For this week’s Life Mapping activity relating to our weekly topic of Television Better Endings, I invite you to map a history of some of your favorite television programs for as far back as you can recall. Map those shows or series that have been most meaningful to you, perhaps those that you have personally identified with or that represent for you a chronology of your own development or of your generational heritage. This can include news events—like JFK’s assassination or the Twin Towers tragedy—as well as TV series or episodes, TV movies, and documentaries or special features.
You don’t need a long list of TV memories, just a representative sample.
After making your list, look it over to see if you find patterns evident in your list of favorite television programs. What does your list—or segments of it—say about you?
Leaving that question open, let me try this myself as an example, at least with a selective sampling from what would be my own TV Map. By the way, feel free to arrange these shows or memories in any format you like. You can just use a list, or make a pie chart, or clouds in a sky… any arrangement that feels meaningful for your reflections. In fact, I think I’ll cluster mine in a collage design with clipart icons representing the TV program types, rather than use a linear, simple chronology.
So, here’s my example:
My TV Map Collage reveals a progression of my interests from childhood to Now and shows how earlier interests have led to later career and personal preferences. Early programs (like Flipper, My Friend Flicka, Lassie and Rin Tin Tin) oriented me toward animal stories which I often shared with my best friend, Karen. (She is represented by the childhood friends image and the violin, as we learned violin together.) Then came JFK’s funeral, a significant generational marker event ‘grounding’ my childhood’s otherwise mainly imaginative focus. News stories form a thread throughout the mapping as historical ‘punctuation points’. But later came Star Trek series, travel and adventure stories, and more pet stories until college days, when Saturday Night Live and several sitcoms involving psychologists (Bob Newhart and later Frazier) and programs about family-like friendships, plus a documentary about Native American activism, held my attention while I was studying comparative literature, psychology, philosophy and anthropology. Since the Twin Towers tragedy and, in Colorado, the Columbine massacre, more recent TV preoccupations have included Physics and other science programs, lately the Big Bang Theory, and–as I begin to dream of retirement plans–Treehouse Masters.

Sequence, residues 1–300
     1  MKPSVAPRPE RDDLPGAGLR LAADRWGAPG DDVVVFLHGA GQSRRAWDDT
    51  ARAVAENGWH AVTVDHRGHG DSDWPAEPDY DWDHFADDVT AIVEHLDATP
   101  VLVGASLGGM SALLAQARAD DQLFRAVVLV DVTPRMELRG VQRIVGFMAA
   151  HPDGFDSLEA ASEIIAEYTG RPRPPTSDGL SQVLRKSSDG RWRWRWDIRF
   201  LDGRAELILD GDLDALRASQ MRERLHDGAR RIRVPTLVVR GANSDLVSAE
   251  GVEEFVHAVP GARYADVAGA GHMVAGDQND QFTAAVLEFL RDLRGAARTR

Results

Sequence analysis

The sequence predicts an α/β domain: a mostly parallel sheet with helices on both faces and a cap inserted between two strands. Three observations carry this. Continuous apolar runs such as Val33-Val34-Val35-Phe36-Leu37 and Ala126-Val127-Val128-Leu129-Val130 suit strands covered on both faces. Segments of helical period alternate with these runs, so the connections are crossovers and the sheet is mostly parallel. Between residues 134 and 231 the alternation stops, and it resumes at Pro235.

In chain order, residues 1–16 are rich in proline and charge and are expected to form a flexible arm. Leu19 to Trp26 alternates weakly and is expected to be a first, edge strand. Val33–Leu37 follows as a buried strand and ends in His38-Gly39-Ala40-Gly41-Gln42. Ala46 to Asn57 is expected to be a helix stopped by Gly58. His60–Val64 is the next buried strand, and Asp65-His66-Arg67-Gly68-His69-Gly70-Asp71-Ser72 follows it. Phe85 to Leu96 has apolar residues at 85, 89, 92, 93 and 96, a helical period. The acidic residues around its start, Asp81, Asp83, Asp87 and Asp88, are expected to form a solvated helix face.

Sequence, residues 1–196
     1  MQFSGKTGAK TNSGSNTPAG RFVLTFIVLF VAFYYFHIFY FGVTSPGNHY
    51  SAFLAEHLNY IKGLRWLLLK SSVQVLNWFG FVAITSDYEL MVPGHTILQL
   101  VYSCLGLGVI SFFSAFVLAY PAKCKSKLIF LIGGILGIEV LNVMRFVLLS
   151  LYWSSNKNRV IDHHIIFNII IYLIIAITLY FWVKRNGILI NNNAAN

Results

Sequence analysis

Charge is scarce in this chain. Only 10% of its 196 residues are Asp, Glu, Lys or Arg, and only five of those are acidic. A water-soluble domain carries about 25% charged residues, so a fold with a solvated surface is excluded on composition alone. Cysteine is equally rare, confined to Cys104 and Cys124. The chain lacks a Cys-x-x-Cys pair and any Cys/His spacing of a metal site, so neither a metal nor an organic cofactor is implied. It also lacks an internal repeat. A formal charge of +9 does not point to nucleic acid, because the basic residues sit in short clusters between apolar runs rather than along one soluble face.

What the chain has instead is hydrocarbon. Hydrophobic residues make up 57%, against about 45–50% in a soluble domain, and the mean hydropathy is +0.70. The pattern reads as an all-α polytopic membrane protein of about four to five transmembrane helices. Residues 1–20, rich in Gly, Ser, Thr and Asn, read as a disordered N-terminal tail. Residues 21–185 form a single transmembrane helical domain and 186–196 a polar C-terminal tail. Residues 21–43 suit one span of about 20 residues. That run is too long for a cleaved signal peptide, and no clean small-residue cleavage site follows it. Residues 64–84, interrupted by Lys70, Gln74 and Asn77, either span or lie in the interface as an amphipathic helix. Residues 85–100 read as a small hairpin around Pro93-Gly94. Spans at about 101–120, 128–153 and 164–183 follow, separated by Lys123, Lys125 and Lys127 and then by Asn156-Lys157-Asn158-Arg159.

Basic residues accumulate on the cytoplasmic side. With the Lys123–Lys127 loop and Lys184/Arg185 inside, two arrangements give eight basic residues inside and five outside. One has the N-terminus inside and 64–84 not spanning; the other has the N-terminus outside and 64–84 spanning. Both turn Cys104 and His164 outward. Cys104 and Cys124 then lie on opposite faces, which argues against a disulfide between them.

Spirituality, instead of politics, is an underlying focus throughout the whole Map, associated with a search for truth and a sense of creative adventure and friendship/family/pet connections of unconditional love.
Animal companions, Friends
Show me Love, not War.
I invite and welcome your Comments, insights and stories!